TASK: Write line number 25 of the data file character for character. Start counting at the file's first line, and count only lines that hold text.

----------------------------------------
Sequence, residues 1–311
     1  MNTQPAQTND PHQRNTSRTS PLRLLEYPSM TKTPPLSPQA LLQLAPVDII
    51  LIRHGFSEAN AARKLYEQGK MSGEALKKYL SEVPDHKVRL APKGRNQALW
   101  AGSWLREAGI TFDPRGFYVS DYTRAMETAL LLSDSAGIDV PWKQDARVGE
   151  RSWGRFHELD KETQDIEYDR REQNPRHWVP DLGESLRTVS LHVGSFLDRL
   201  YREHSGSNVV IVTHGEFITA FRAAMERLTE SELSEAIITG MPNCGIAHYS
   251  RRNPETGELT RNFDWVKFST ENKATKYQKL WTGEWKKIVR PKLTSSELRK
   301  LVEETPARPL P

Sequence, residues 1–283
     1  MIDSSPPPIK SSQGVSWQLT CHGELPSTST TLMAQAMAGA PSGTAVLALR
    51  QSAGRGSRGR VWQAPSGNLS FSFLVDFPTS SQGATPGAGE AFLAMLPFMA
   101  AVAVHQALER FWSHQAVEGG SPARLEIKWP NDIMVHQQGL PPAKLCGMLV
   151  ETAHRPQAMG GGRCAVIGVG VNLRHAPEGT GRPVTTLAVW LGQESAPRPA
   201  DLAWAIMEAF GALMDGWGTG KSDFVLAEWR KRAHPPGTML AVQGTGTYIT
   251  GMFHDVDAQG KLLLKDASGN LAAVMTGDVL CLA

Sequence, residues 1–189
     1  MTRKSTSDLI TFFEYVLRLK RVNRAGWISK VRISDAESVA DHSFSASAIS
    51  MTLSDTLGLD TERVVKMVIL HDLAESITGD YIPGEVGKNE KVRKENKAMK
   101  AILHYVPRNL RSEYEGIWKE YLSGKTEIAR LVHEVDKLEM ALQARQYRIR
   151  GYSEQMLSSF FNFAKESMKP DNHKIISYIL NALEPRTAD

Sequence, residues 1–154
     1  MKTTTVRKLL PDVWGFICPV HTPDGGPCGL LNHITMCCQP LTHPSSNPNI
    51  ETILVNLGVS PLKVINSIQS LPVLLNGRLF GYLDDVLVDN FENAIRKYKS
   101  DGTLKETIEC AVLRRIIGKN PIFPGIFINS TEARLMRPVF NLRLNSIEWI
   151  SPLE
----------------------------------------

   151  SPLE